Recently there has been much discussion about immigration reform in the
news. For the most part, it is all discussion at this time, and there
is no immediate change in the immigration law that affects millions of
persons in United States, or seeking to come to the United States.
Although the law has not changed there have been two significant changes
in recent months. One is Deferred Action for Childhood Arrivals which
is also known as DACA. This program permits certain foreign nationals
that came to the United States before the age of 16 to remain in United
States, obtain employment authorization, and possibly obtain travel permission
for two years increments. The two years may be renewed indefinitely. The
DACA program has received widespread coverage in the news media.
The other significant processing change is a provisional waiver process
that went into effect on March 4, 2013. The provisional waiver process
in many respects is more far reaching for certain persons than DACA and
has received less attention from the media. Beginning March 4, 2013, if
you are the spouse, child or parent of United States citizen, that is
classified by the immigration law as an immediate relative and you have
been unlawfully present in United States, you may now apply for a provisional
waiver of the unlawful presence through a new process.
The provisional waiver is limited to these individuals that must obtain
a waiver of inadmissibility based on unlawful presence in United States.
It is restricted to the unlawful presence waiver only which means that
persons who have other issues may not utilize this provision. The provisional
waiver allows a person with unlawful presence to file for the waiver while
in the United States, before leaving United States to attend a visa interview
at the US consulate or embassy abroad. This process affects favorably
all those persons who have entered the United States without a visa, such
as those who have entered United States across the southern or Northern
borders without a visa and have remained in United States without lawful status.
Prior to the institution of the provisional waiver process, those who entered
the United States unlawfully and subsequently, through marriage or birth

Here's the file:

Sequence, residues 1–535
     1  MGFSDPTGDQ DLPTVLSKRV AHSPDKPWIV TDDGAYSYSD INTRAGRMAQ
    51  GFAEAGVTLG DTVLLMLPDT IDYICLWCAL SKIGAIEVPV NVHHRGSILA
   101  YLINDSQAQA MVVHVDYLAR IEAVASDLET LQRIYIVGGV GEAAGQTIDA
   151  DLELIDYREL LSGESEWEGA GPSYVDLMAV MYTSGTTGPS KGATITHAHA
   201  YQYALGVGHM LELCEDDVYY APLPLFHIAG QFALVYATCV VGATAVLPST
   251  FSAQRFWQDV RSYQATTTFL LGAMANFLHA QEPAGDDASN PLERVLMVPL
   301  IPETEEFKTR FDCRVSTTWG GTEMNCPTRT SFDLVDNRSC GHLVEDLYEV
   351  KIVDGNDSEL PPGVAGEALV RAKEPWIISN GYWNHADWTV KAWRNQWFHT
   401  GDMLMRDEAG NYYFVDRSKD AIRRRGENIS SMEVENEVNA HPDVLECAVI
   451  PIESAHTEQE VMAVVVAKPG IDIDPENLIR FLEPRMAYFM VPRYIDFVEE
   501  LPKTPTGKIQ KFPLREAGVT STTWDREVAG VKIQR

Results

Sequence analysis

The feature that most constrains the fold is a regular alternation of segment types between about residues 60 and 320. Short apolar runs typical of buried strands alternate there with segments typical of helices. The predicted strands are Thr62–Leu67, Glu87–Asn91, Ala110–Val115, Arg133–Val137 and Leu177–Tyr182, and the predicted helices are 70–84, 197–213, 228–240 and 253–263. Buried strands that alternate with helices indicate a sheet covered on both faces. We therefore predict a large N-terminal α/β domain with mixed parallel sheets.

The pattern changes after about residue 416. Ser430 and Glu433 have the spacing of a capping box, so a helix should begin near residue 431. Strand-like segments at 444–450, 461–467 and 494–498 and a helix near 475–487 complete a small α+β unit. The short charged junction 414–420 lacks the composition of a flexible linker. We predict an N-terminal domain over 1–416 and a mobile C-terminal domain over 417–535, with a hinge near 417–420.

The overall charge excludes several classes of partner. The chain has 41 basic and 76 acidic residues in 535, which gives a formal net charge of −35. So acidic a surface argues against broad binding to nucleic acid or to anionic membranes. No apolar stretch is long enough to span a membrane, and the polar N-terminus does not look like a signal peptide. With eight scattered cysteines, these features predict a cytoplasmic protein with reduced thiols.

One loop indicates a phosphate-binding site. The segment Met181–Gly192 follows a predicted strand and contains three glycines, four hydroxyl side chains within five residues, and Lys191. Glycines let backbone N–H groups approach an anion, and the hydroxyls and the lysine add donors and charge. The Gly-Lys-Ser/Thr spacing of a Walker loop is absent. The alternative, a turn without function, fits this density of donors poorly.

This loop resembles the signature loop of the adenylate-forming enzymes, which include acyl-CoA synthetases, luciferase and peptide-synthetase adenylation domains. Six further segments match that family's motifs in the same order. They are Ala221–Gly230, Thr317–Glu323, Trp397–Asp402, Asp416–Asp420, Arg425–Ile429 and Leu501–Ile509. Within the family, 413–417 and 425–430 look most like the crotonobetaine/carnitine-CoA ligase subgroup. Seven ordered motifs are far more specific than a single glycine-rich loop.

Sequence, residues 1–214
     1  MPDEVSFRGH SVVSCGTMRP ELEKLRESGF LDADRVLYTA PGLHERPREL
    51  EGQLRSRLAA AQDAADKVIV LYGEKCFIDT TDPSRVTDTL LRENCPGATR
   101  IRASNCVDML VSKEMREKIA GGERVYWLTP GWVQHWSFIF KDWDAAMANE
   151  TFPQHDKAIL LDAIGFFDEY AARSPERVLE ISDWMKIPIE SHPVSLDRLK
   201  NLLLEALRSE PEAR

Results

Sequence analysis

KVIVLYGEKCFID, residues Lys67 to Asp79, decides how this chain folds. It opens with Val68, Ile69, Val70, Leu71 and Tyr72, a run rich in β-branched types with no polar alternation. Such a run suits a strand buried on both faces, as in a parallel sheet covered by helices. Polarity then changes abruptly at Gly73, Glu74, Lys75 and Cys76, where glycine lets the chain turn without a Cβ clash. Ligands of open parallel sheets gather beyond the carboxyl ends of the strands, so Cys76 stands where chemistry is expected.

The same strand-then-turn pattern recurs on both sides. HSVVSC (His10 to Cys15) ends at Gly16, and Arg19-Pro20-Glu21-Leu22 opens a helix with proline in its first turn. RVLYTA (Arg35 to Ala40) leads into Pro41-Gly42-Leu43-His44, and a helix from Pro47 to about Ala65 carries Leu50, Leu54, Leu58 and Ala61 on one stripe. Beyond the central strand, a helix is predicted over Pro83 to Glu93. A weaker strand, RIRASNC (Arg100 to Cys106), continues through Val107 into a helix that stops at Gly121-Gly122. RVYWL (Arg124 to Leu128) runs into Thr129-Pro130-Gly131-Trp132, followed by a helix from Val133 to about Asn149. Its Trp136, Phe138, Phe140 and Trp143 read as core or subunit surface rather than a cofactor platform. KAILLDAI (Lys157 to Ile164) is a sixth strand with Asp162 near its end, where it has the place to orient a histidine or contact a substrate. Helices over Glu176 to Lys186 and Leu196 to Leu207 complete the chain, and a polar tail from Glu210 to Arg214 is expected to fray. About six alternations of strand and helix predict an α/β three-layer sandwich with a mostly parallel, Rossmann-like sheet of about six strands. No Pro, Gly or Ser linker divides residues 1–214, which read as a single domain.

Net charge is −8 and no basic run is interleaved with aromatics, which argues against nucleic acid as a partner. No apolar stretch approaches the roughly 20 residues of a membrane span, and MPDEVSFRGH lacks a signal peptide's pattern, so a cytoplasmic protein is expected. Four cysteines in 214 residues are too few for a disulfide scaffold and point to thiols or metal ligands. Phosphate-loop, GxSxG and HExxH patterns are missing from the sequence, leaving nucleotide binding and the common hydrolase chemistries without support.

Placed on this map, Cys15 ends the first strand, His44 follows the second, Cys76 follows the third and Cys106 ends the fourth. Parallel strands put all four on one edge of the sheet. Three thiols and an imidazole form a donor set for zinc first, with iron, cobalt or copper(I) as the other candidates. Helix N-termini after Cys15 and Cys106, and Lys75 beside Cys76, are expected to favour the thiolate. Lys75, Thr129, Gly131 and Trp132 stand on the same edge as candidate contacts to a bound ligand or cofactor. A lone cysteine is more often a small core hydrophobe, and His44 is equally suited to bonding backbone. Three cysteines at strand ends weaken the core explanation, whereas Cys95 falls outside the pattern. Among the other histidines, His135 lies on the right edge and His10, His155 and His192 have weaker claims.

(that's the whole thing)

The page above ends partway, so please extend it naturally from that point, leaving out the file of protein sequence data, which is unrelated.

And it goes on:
or otherwise are related to a United States citizen immediate relative
would be required to depart the United States then file for a waiver and
hope the waiver is approved before they are permitted to return to the
United States as permanent residents.
It is expected the provisional waiver process will shorten the time United
States citizens are separated from their immediate relatives while their
relative is outside the United States seeking resident status. Additionally,
some of the uncertainty will be taken out of the process. Before the provisional
waiver process went into effect on March 4 the foreign national family
member was required to depart the United States attend an interview at
the US consulate, than would be instructed to file a waiver. Since a grant
of the waiver is at the discretion of the government official and is based
on extreme hardship to the qualifying United States citizen relative,
the foreign national and the United States were required to wait months
or longer for decision whether or not the foreign national would be permitted
to return to the United States.
Under the new process United States citizen and the foreign national relative
are permitted to remain together as a family in United States while a
decision is made on the merits of the waiver application. Once a decision
is made, and assuming a provisional grant is issued, the foreign national
is now able to proceed abroad was some relative assurance that the waiver
will be granted and the period of separation of the family is expected
to be much shorter.